The Winter's Tale | Critical Essay by Cynthia Marshall

This literature criticism consists of approximately 20 pages of analysis & critique of The Winter's Tale.
This section contains 5,774 words
(approx. 20 pages at 300 words per page)
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Critical Essay by Cynthia Marshall

SOURCE: “Dualism and the Hope of Reunion in The Winter's Tale,” in Soundings, Vol. LXIX, No. 3, Fall, 1986, pp. 294-309.

In the following essay, Marshall argues that the statue scene in The Winter's Tale suggests a modification of orthodox Christian eschatology by denying the dualism of body and soul. Relating this scene to a sixteenth-century heresy known as mortalism—which held that both soul and body were dead until judgment day, when both would be resurrected—Marshall emphasizes the communal as well as the miraculous nature of Hermione's reanimation.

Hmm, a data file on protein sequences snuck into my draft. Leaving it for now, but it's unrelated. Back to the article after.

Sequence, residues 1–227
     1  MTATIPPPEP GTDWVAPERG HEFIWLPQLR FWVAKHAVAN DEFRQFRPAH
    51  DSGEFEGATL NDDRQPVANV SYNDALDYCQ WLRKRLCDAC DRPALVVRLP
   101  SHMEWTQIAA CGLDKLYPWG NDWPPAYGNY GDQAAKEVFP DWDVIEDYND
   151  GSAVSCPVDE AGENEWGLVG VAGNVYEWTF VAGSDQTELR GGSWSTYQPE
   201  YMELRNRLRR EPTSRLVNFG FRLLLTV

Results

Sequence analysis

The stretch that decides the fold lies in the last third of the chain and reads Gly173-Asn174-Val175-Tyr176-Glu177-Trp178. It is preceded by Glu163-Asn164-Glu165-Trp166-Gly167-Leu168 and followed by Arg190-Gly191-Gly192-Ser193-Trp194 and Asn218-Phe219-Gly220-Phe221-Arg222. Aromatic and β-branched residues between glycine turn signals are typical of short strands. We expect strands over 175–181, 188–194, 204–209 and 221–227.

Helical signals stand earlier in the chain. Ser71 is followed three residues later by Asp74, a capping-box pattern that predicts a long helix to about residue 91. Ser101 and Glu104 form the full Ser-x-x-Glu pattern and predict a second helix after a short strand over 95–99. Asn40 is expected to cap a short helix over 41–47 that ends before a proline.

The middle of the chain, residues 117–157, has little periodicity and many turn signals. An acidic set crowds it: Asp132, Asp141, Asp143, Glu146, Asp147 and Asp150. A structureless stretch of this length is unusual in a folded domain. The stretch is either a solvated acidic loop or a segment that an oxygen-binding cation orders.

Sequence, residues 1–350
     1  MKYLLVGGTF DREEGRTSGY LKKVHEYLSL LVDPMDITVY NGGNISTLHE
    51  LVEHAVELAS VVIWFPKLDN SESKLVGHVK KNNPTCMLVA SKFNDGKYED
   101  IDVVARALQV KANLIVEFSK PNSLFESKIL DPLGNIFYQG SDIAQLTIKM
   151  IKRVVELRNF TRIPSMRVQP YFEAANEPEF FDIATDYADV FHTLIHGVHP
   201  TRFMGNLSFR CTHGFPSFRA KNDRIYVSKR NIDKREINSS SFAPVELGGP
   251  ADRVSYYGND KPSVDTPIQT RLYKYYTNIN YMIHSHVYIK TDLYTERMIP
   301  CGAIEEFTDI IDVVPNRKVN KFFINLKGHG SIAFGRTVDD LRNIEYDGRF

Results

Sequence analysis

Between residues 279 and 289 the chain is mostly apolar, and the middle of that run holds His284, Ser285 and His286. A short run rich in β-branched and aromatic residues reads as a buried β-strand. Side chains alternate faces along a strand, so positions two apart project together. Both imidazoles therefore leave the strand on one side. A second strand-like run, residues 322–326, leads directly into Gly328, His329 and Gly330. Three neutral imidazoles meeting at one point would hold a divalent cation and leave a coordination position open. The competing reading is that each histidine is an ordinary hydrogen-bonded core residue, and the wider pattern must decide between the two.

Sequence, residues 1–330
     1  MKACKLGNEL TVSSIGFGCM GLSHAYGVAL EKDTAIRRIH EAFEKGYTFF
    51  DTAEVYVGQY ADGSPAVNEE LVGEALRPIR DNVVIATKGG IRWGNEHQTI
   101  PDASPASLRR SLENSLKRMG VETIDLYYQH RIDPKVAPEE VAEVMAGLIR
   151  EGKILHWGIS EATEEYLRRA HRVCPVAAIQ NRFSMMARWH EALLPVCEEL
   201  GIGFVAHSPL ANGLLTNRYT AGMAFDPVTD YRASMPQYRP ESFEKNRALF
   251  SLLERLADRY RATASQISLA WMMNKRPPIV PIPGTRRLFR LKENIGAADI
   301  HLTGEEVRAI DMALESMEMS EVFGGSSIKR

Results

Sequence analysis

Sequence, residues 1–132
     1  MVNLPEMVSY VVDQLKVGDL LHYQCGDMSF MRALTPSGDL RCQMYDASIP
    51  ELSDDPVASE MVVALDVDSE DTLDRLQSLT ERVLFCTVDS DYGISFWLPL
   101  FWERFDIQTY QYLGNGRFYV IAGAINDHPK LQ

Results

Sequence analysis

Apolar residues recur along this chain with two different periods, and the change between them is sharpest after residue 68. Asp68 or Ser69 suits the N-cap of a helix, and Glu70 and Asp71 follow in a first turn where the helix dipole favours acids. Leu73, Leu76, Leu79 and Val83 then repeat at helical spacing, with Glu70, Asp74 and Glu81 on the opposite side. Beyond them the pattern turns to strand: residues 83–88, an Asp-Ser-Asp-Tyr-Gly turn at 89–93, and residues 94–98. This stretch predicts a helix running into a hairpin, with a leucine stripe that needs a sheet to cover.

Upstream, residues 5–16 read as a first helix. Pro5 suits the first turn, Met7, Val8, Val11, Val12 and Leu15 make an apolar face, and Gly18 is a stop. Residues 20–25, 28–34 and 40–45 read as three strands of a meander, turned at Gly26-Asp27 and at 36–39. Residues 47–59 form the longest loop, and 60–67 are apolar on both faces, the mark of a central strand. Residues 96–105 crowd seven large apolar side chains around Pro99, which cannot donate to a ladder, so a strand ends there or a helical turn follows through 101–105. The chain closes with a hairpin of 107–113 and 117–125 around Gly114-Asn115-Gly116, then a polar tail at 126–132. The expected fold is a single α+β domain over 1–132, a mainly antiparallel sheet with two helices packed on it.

In Shakespeare's England, the doctrine of bodily resurrection was avidly proclaimed and enthusiastically credited. John Donne, for instance, wrote in 1627 of how one's arm could be “lost in Europe,” his leg “lost in Afrique or Asia, scores of yeers between...

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This section contains 5,774 words
(approx. 20 pages at 300 words per page)
Buy the Critical Essay by Cynthia Marshall